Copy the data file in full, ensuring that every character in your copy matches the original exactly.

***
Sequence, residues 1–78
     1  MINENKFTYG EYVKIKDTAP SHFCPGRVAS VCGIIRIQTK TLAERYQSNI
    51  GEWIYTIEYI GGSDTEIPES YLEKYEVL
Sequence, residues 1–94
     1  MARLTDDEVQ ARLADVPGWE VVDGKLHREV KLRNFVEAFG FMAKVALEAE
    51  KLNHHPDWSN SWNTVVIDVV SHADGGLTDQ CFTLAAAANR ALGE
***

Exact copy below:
Sequence, residues 1–78
     1  MINENKFTYG EYVKIKDTAP SHFCPGRVAS VCGIIRIQTK TLAERYQSNI
    51  GEWIYTIEYI GGSDTEIPES YLEKYEVL
Sequence, residues 1–94
     1  MARLTDDEVQ ARLADVPGWE VVDGKLHREV KLRNFVEAFG FMAKVALEAE
    51  KLNHHPDWSN SWNTVVIDVV SHADGGLTDQ CFTLAAAANR ALGE